You’ve probably heard of the Walter Reed National Military Medical Center in Washington, DC. Let’s hear something about the godly, praying scientist behind the institution.
Walter Reed was the son of a Methodist minister in Virginia. Early in his education, he was noticed for “evidence of the intellectual brilliancy and earnestness of purpose which distinguished him in later years.” These qualities, bred in a Christian home, led to him finding the cause of one of the greatest scourges of mankind. The lifetime achievement he is most remembered for is the identification of the cause of yellow fever and the steps he took to eradicate it.
At that time, yellow fever was the most dreaded disease in early America. Primarily affecting the South and tropical areas, it would sweep through in devastating epidemics, killing thousands. Some 100,000 died in the 18th century, 41,000 in New Orleans alone. We forget how awful disease epidemics were to people who did not understand when and why they came.
A Major in the army, Reed took the knowledge of germ theory proved by Pasteur and Koch and put it to use in the service of mankind. His work was instrumental in the budding fields of epidemiology and immunology.
The faith that Major Walter Reed learned in childhood guided his life work. The National Museum of Health and Medicine website sums up his character and major contribution:
From 1891 to 1893, Reed spent his last western tour at Ft. Snelling, Minn. A man of character, religious by nature, prepared for practice and research, a soldier who had learned to endure hardships, a student and pathologist of the highest caliber, Reed was now ready for the great achievements of his lifetime. He would live for only 51 years, but between 1893 and 1901, a year before his death, he was engaged in some of the most important work in the history of medicine. This took the form of research into the etiology (cause) and epidemiology (spread) of typhoid and yellow fever.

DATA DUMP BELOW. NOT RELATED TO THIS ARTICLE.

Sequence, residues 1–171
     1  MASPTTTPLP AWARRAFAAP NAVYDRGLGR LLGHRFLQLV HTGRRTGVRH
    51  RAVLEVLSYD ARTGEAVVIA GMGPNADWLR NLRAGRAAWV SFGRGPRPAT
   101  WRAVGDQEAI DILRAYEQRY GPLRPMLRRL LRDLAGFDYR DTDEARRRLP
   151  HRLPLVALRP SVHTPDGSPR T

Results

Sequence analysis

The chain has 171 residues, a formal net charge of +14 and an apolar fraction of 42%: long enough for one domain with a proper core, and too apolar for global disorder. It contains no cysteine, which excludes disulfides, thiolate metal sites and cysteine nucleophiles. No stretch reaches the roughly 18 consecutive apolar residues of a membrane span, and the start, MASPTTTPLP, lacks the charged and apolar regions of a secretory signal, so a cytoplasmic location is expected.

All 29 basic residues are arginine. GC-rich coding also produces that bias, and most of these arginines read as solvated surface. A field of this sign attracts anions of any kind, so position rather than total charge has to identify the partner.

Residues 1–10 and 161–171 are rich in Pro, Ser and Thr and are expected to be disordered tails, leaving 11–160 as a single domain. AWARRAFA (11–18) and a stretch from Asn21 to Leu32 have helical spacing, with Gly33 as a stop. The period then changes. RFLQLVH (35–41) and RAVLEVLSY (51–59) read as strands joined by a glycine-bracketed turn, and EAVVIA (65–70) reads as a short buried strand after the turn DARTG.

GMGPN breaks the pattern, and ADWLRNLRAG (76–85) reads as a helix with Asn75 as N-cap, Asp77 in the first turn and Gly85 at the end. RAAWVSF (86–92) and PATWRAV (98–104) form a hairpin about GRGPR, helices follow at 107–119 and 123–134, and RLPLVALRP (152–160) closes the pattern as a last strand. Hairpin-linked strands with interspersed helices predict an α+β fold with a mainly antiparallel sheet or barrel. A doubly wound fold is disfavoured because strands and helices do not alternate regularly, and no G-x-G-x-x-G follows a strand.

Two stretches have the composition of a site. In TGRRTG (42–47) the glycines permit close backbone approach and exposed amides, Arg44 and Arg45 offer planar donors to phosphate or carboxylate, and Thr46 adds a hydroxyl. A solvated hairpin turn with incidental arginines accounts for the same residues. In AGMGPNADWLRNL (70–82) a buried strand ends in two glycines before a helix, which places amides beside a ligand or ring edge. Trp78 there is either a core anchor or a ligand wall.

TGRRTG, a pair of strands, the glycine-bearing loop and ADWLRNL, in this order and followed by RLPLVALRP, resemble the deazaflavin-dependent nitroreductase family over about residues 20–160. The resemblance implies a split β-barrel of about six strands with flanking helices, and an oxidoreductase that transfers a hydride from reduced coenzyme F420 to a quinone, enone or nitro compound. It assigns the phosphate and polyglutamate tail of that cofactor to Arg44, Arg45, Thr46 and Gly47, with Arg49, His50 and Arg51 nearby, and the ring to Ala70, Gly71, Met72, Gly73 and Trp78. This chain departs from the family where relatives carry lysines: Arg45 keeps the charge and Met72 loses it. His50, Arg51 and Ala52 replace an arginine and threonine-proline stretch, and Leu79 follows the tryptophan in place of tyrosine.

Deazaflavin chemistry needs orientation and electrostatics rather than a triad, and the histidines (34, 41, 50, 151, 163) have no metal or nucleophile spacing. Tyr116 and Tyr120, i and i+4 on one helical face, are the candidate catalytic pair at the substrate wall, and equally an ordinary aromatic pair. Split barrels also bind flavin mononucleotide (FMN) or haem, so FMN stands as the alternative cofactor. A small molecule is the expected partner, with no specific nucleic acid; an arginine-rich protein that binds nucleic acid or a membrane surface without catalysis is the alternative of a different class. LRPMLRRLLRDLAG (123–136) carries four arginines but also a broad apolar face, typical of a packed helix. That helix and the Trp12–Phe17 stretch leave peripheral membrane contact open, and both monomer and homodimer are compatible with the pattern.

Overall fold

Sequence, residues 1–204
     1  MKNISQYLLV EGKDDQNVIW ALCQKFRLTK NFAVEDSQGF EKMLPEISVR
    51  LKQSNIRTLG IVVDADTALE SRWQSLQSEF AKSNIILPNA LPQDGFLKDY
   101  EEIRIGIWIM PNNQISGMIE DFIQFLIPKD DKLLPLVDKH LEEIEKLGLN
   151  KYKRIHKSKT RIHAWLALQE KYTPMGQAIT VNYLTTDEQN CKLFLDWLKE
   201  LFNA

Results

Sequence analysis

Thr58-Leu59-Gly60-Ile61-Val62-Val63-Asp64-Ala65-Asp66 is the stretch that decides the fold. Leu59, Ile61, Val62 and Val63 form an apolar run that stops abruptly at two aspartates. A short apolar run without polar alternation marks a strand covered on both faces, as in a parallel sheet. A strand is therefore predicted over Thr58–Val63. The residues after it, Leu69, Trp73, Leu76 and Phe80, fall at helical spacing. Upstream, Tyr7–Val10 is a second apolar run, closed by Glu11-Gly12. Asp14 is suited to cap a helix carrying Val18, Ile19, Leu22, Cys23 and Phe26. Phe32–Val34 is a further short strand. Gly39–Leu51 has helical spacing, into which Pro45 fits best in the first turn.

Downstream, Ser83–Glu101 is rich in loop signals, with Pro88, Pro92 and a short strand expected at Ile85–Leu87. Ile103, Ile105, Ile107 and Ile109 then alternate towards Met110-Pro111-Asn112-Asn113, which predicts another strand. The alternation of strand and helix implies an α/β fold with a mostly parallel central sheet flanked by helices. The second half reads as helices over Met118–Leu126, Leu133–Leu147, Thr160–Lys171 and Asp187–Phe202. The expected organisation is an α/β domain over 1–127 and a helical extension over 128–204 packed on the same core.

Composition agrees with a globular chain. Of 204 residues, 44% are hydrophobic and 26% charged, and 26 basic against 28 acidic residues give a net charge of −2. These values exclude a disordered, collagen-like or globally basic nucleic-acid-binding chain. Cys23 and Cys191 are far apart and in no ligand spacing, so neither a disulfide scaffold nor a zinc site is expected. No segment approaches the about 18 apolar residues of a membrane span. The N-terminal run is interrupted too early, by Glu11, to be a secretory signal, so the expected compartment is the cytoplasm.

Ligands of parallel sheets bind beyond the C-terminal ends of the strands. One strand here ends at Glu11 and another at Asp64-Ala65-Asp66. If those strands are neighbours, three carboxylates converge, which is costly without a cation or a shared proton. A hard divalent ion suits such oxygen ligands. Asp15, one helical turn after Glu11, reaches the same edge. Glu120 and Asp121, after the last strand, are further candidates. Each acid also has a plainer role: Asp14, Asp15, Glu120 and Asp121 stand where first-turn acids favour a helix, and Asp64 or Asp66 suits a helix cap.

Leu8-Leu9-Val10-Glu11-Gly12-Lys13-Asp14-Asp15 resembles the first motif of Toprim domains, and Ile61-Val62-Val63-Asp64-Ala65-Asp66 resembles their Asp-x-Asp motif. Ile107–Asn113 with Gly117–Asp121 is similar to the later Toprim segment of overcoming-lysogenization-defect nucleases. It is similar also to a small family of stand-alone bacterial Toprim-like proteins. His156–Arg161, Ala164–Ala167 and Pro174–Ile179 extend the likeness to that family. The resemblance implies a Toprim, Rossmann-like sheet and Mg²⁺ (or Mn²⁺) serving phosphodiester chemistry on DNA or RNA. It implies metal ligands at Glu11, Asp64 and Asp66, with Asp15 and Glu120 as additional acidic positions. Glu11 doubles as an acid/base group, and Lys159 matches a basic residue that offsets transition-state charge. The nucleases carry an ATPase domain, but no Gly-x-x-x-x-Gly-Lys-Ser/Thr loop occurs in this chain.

By Christmas of the year 1900, he had found the cause of yellow fever and knew how to prevent it. He wrote his wife that he and his assistants had lifted “the impenetrable veil that surrounded the causation of this most wonderful, dreadful pest of humanity . . . the prayer that has been mine for twenty years, that I might be permitted in some way or at some time to do something good to alleviate human suffering has been granted! A thousand Happy New Years.”
Dr. Walter Reed’s 20-year prayer had indeed been granted. Magnanimously, he gave credit to all his assistants in the paper announcing the discovery. Within two years Reed died of appendicitis before he could be treated.
Reed’s discovery led to the success of the Panama Canal. The scourge of yellow fever in Panama had caused the French to give up on the attempt 30 years earlier. Now, understanding that the mosquito Aedes aegypti, which Reed had identified, was the disease vector, Major William Crawford Gorgas set to work. He rid Cuba of yellow fever in 90 days by eliminating the swampy breeding grounds of the mosquito.
This proved that the technique worked and canal construction was now possible. The monumental project was begun in 1907 and completed in 1914, just as World War 1 was breaking out in Europe. The canal’s strategic value to the United States and to international trade has been incalculable.
The defeat of yellow fever was not Walter Reed’s only important legacy. “Between 1892 and 1902 Reed published 27 papers on original work, encompassing a wide variety of subjects including; cholera, erysipelas, leukemia, malaria, pneumonia, typhoid, vaccinations and yellow fever.” He showed courage by allowing himself to be bitten by a mosquito carrying yellow fever in his research on the cause of the disease.
Though he died fairly young, the Major—the Doctor—is fondly remembered by all who knew him. The Walter Reed National Military Medical Center is named in his honor. The website and the Walter Reed Society contain biographies of Major Walter Reed, and a Virginia roots heritage site tells about his life and prayer to be used of God. The best science has always come from men and women with that kind of motivation.